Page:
I came home to my sister lounging on the grass in the front yard, sweet tea in hand. Surrounding her were several of our chickens; a palette of speckles, crimson and snow white, they pecked at the ground, clucked and strutted around indifferent to her presence. Stepping around them in hopes of sneaking a bit of chicken feed were our two friendliest goats, Willow and Juniper. I could hear Asterisk, our Labrador, panting in the heat under his black coat. He barked to greet me and then returned to his shaded retreat. Our cat Williams sat nearby switching his tail in annoyance at the whole scene.
I gingerly lifted Cora from her car seat and plopped her down right beside her aunt. She squealed in delight and took off crawling after the chickens. At just under 10 months, the sights and sounds of animals amuse her greatly. She let out another squeal as she managed to brush the tail feathers of a chicken before the hen quickly waddled off to another part of the yard in search of stray crumbles to devour. “She’s going to grow up thinking this is normal,” my sister said in reflection.
Hum, I thought to myself, I hope so.
I hope this is her normal. Creating this sanctuary is what is at the heart of my desire to homestead. I want her and her older brother to experience the joy and pain of living closer to nature; gain a sense of responsibility; learn teamwork and self-reliance; gain a knowledge and respect for the natural world and our inescapable connection to it; practice gratitude.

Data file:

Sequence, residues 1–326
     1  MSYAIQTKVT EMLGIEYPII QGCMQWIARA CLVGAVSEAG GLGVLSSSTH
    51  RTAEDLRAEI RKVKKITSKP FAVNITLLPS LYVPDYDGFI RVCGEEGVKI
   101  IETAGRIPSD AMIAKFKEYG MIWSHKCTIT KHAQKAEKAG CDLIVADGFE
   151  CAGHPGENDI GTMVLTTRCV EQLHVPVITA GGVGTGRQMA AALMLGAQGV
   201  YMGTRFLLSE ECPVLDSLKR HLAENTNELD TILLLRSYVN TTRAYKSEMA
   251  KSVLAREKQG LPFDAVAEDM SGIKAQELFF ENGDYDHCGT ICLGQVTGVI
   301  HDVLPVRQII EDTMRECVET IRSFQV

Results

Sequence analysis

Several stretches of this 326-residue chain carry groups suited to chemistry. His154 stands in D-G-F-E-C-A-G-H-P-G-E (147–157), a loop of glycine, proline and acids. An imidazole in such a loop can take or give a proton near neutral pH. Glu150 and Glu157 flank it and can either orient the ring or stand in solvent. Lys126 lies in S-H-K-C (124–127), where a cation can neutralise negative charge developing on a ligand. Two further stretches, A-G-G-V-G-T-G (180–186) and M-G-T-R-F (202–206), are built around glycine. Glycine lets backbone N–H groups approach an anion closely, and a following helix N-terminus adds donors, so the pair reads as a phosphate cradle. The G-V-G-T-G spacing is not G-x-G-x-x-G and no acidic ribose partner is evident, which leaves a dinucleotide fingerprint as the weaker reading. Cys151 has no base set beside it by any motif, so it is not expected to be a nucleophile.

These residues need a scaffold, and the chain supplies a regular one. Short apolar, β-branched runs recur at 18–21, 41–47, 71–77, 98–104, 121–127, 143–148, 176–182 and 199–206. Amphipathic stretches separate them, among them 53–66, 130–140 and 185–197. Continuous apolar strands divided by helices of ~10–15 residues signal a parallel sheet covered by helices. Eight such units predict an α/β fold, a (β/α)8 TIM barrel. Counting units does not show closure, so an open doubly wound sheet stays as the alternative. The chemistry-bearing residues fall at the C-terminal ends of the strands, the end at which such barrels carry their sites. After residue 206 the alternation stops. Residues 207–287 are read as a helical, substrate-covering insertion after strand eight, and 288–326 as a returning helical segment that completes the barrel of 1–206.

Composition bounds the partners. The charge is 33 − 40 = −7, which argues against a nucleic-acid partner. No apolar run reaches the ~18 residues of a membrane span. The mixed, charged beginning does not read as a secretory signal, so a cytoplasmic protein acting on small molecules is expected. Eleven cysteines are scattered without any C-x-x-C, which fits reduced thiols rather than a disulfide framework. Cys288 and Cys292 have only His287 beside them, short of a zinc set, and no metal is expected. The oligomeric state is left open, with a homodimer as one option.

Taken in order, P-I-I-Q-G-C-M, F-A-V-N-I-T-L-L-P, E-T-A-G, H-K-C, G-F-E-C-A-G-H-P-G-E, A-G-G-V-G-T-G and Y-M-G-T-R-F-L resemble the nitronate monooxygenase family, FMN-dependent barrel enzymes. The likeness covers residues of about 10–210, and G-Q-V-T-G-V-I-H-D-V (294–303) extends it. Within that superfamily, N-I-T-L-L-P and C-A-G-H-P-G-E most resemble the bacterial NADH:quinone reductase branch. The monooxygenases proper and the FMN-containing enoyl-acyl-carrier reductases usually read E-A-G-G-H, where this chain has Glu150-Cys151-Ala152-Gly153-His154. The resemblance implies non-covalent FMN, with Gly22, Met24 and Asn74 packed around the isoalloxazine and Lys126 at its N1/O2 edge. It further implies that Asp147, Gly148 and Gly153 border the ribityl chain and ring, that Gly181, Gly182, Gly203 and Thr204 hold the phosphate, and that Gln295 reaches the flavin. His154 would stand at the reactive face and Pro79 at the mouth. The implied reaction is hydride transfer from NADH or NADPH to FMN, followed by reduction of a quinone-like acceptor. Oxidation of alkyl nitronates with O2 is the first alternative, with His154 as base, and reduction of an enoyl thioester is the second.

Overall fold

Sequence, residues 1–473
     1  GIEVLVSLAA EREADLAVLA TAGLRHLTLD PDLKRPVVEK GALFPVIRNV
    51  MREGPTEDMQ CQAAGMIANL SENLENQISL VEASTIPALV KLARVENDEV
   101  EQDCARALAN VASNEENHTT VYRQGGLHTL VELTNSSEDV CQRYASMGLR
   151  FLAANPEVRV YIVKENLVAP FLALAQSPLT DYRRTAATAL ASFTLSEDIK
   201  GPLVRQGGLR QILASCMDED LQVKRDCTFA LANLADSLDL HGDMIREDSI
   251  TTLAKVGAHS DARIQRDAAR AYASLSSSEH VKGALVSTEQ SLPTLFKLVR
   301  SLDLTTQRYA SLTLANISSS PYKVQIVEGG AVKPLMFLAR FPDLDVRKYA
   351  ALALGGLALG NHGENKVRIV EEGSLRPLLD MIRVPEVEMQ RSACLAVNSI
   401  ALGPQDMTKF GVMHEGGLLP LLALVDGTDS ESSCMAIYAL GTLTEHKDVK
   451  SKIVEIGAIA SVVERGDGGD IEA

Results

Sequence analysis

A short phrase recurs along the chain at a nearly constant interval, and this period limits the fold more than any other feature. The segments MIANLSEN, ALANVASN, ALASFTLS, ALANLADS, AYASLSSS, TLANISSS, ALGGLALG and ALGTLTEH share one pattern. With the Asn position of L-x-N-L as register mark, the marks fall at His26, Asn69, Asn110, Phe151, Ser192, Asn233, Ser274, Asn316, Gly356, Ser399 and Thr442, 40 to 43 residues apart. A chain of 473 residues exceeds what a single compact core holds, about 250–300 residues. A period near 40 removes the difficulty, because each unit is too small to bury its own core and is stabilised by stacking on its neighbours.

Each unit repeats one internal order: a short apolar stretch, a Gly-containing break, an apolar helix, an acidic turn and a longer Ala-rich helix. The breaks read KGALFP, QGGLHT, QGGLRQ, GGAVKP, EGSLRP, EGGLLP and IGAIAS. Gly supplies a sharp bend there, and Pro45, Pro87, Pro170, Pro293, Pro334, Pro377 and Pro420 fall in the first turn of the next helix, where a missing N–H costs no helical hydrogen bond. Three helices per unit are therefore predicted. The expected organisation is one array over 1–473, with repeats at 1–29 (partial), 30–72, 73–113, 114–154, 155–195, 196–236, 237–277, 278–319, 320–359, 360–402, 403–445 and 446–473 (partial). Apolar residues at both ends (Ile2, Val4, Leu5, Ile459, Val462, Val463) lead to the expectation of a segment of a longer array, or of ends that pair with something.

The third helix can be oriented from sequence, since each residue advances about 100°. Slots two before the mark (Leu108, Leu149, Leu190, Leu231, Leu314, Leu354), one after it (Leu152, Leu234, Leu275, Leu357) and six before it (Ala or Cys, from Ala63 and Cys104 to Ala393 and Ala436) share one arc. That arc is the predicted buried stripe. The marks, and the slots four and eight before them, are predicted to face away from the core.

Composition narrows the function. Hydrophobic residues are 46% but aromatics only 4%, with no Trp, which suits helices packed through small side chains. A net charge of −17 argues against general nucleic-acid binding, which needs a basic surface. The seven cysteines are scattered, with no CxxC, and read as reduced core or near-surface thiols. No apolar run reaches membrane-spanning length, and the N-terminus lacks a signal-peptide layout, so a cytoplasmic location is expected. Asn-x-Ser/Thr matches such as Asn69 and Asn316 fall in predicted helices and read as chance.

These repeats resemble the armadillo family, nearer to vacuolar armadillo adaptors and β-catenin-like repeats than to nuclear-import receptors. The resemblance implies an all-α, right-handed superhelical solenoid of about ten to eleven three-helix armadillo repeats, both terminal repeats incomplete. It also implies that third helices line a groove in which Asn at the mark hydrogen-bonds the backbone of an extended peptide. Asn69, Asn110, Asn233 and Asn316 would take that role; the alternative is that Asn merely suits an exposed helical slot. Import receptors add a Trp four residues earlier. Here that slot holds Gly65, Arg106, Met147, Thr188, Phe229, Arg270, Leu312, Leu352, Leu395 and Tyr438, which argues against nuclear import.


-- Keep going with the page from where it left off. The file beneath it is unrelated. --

I want them to be gripped with fear and excitement while watching a baby goat being born; to witness a new life still warm as steam rolls up from its wet coat in the chilly spring air. I want them to wake up early and gather warm eggs from the coop for pancakes, which they slather in just a little too much maple syrup. I want them to dig in the earth and grow a garden. I want them to taste raw milk. I want them to do chores. I want them to play in the rain, skin their knees on gravel roads, climb trees and break sticks, build forts and flip rocks. I want them to step in poop, make mud pies and wear clothes covered in grass stains, catch crawdads and get stung by bees. I want them to breathe fresh air. I want them to depend on family and community. I want them to give back to the people and land that will give so much to them. I want them to fail. I want them to keep trying. I want them to create something better.
Most of all, I want them to love and depend on each other. I want them to know that they have a family who loves and supports them beyond measure.
As we sat there, Cora got another chance at a chicken. A brave one had gotten too close and Cora slowly touched its feet. You can see the sense of wonder as her tiny finger poked at the hen’s scaly feet. She looked up and smiled.
Yeah, I’m OK with this normal.
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